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One month on from Japan quake, volunteers provide safe space for kids

SUZU, Japan (Reuters) – One month on from a magnitude 7.6 earthquake that struck the west coast of Japan, volunteers from non-profit organisation Katariba play cards and other games with children in a Suzu city school classroom. Sometimes they just read side by side.

Some of kids are still living in evacation centres, where it is difficult to play. Others have parents who are busy trying to deal with the task of rebuilding homes and livelihoods since the quake, so it’s important to provide children with a safe place, says Katariba member Yoshiki Itashiki.

The service has been been a godsend, says Kanako Yasukawa, adding that schools in Suzu are still only operating on a shortened day basis and she has to work.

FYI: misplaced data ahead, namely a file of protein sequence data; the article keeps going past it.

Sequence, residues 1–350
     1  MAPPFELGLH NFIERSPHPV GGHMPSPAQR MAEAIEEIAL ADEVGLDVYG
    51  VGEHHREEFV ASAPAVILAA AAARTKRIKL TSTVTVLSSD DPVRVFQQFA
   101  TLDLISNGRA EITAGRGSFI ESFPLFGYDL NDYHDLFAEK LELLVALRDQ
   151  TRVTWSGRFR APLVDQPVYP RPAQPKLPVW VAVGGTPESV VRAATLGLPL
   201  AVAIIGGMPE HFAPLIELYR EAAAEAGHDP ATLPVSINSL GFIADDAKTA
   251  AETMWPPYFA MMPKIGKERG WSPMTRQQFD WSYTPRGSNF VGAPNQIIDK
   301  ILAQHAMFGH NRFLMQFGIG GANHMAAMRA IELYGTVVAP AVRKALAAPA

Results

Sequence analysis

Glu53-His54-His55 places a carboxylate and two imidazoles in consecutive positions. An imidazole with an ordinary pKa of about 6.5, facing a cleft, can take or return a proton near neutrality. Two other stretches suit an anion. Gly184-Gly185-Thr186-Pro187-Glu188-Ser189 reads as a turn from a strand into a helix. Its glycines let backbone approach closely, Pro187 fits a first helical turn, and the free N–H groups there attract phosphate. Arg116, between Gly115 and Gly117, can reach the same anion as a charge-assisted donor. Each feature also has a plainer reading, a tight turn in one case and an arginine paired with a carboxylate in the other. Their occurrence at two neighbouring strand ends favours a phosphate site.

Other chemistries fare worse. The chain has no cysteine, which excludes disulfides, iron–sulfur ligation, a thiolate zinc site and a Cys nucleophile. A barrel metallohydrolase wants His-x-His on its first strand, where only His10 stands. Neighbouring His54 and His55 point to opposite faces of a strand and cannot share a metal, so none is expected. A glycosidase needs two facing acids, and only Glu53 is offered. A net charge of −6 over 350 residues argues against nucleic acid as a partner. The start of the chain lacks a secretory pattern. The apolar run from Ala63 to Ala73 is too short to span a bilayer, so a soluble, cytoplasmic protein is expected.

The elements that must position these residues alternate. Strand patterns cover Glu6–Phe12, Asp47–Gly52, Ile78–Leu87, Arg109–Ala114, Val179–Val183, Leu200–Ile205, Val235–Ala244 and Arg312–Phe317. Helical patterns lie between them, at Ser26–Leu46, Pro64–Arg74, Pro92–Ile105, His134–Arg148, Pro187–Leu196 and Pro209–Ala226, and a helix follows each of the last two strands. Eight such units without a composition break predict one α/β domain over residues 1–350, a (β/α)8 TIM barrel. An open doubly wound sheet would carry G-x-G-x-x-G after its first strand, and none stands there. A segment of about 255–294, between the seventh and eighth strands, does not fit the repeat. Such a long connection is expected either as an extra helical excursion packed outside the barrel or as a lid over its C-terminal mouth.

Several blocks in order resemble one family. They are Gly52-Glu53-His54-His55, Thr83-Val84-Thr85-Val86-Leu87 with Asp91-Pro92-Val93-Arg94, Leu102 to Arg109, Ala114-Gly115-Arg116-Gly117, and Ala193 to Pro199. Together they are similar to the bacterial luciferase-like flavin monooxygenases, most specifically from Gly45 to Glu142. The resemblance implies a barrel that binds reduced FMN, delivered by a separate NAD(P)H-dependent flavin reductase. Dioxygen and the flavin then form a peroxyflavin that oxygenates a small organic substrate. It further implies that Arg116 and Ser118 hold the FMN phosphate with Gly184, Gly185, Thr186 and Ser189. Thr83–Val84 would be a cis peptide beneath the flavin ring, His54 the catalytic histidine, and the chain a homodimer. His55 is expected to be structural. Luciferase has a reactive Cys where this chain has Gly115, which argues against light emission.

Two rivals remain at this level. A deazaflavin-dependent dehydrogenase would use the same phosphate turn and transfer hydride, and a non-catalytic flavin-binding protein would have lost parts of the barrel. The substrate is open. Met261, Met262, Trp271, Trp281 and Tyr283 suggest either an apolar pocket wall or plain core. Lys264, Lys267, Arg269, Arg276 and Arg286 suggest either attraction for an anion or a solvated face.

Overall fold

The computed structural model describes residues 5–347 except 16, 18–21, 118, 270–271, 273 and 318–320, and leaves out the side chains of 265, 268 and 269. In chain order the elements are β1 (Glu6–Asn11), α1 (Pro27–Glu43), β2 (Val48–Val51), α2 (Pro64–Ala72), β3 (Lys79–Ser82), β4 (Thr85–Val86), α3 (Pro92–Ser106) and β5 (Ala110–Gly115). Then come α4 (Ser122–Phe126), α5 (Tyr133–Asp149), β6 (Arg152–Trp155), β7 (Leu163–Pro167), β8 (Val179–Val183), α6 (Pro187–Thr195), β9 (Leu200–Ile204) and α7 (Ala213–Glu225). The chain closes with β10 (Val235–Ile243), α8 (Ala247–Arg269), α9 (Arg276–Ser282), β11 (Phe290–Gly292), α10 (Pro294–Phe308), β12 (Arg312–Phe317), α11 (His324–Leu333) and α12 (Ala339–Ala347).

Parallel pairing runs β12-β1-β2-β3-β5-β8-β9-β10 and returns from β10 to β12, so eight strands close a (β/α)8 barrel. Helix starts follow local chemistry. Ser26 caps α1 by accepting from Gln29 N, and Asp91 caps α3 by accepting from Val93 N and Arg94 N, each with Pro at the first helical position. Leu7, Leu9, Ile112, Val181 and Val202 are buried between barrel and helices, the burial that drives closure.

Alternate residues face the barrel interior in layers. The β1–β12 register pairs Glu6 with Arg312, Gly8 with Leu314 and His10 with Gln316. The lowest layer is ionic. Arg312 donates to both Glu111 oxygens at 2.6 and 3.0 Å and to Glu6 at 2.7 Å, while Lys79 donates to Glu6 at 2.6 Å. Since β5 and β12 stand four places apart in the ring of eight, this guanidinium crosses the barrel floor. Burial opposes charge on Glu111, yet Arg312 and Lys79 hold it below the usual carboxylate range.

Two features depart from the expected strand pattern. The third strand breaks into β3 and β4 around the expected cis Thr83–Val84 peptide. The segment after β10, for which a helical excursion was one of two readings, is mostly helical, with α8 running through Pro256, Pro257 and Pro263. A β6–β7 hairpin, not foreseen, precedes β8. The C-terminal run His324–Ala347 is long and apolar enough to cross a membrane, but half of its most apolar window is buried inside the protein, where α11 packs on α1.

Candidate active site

After her daughter was temporarily evacuated to a different city, the service made it easier for her to come back.

“I couldn’t have made the decision to have my daughter live here with me unless we had this,” she said.

More than 13,600 people in Ishikawa prefecture where Suzu city is located are still living in evacuation centres.

 

(Reporting by Sakura Murakami and Tom Bateman; Editing by Edwina Gibbs)

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